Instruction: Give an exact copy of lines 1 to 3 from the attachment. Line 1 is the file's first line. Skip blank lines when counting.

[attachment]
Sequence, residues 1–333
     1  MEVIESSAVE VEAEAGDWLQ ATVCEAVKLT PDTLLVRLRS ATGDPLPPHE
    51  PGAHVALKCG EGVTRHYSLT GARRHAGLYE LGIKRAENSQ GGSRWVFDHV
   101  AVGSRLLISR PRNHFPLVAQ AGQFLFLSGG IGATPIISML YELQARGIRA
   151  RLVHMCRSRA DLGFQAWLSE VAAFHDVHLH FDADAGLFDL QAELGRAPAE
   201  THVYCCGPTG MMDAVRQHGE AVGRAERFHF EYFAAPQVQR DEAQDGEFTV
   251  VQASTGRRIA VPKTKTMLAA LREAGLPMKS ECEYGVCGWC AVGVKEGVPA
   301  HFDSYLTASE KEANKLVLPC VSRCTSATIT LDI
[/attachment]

Sequence, residues 1–333
     1  MEVIESSAVE VEAEAGDWLQ ATVCEAVKLT PDTLLVRLRS ATGDPLPPHE
    51  PGAHVALKCG EGVTRHYSLT GARRHAGLYE LGIKRAENSQ GGSRWVFDHV